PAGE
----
Online administration and reporting platforms that give SMSF trustees more control, timely reporting and tax management flexibility continue to develop apace thanks to technology developments such as cloud computing.

The relentless development of technology has translated into more competition and lower costs for SMSFs as administrators have embraced technology that automates previously manual accounting and audit processes, and delivers flexibility and transactional power to the SMSF trustee’s lounge room.

A second disruptive technology that is gaining more recognition is the growth and use of exchange-traded funds (ETF) and the indexing approach to investing more generally.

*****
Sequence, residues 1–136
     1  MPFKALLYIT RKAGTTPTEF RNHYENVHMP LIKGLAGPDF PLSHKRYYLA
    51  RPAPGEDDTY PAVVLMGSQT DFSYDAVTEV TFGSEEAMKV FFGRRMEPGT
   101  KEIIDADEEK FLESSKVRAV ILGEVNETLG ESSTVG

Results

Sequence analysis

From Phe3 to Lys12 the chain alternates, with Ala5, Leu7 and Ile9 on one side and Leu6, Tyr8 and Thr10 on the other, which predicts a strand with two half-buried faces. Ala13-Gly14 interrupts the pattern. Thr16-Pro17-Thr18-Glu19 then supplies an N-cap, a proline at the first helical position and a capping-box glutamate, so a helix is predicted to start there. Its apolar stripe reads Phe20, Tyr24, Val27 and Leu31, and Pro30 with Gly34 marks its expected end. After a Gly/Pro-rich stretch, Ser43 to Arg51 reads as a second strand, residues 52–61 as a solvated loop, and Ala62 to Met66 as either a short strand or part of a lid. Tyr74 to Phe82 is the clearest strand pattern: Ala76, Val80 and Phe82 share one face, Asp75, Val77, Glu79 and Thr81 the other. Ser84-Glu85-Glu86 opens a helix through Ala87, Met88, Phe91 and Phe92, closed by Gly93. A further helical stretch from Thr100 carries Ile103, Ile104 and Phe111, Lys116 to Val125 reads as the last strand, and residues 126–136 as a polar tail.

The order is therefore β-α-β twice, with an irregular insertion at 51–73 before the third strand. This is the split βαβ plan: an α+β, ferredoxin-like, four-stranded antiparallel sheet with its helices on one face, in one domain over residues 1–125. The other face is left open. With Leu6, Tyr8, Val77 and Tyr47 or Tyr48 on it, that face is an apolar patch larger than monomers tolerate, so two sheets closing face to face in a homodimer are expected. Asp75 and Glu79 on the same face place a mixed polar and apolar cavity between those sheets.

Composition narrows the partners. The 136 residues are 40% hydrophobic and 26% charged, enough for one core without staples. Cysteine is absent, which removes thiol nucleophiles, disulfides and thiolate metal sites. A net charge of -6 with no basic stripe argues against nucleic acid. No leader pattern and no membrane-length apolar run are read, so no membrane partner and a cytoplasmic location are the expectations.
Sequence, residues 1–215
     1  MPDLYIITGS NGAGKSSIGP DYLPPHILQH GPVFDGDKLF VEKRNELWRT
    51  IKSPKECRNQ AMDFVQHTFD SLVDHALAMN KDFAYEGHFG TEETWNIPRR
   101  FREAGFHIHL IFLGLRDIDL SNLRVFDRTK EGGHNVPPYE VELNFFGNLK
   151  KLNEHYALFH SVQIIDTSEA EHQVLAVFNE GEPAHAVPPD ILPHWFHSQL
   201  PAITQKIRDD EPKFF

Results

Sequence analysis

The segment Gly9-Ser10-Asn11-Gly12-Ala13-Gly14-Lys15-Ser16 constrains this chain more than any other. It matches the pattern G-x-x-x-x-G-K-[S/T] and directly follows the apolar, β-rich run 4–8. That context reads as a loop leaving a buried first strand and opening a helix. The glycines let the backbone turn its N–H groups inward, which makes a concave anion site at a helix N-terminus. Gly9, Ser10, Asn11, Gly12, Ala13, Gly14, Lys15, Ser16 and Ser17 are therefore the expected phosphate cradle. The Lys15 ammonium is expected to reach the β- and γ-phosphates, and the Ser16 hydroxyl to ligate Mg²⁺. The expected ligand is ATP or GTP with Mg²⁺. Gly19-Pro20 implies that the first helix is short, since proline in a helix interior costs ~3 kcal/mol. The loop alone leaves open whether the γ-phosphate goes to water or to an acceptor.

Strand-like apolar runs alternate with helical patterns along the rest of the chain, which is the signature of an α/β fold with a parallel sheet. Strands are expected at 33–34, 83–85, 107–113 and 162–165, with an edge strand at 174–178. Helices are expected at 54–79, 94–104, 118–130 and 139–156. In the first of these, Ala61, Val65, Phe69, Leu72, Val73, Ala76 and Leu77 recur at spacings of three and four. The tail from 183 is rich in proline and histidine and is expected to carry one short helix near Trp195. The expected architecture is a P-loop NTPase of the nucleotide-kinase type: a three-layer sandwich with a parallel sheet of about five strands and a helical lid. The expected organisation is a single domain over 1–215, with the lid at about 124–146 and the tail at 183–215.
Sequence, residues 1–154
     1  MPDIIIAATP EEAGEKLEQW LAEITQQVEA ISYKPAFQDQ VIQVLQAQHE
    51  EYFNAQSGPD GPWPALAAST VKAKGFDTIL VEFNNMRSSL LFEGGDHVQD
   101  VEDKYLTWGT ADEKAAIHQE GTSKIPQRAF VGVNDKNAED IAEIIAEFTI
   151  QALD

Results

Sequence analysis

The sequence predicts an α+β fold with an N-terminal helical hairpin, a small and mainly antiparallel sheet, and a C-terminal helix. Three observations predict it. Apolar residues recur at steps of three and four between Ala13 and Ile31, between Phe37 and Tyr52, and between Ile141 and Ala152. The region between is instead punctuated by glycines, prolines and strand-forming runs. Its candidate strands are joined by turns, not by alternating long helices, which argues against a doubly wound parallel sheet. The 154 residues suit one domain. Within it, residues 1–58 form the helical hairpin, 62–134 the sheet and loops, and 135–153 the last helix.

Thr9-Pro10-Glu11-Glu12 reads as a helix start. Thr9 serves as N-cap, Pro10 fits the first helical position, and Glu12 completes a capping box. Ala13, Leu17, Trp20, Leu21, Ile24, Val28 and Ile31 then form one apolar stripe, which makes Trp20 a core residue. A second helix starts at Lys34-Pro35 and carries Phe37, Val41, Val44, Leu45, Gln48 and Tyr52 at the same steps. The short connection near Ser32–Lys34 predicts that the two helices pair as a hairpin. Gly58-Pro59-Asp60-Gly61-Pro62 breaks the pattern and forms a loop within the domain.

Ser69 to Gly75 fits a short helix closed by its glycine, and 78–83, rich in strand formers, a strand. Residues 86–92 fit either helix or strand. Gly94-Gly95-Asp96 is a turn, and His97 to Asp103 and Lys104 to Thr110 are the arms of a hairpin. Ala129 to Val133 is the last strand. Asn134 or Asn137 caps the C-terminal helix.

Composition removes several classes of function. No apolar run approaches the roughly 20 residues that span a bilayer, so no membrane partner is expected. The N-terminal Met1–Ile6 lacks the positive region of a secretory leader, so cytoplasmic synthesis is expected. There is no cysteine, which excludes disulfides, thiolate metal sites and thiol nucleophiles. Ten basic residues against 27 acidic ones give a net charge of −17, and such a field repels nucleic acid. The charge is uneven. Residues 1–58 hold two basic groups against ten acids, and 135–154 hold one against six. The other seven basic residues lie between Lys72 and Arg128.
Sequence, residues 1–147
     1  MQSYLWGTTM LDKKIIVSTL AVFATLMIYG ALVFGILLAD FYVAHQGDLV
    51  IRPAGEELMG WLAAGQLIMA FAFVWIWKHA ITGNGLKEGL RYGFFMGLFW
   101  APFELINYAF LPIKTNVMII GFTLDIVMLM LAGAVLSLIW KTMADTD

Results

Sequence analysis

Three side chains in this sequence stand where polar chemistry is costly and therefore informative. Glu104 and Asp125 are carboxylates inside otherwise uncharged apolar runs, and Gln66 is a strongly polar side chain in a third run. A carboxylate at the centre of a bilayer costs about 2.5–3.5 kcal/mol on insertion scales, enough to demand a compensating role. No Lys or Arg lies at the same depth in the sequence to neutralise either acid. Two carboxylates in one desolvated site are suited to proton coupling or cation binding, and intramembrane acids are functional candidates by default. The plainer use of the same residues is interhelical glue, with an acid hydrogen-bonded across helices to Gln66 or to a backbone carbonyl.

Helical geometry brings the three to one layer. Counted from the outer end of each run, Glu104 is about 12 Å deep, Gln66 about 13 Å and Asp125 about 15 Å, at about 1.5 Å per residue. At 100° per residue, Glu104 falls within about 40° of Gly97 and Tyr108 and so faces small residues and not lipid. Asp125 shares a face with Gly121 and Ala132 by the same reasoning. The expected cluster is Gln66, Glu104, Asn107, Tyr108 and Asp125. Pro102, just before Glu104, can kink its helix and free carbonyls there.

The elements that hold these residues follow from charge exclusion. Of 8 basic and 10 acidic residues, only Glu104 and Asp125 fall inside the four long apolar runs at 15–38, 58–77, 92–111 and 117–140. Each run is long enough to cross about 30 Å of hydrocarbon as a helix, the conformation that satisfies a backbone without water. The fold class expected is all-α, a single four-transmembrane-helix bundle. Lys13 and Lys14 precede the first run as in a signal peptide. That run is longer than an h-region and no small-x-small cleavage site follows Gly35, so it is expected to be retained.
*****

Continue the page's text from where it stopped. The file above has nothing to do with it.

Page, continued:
SMSFs are a good proxy for engaged retail investors. Their love affair with dividend-paying Australian shares has been well documented and is well known. What ETFs have added to the toolkit is the ability to diversify across the broader market or, importantly, provide an affordable access point to other markets – United States shares and emerging markets, for example – as well as different asset classes such as fixed income.

SMSF trustees have been early adopters of ETFs with a significant proportion of investors using the listed index funds investing via their SMSF – and the indications are that it looks like increasing.

Looking through the “2016 Vanguard/Investment Trends SMSF Report”, it is clear ETFs are coming of age as a portfolio construction tool for do-it-yourself super investors.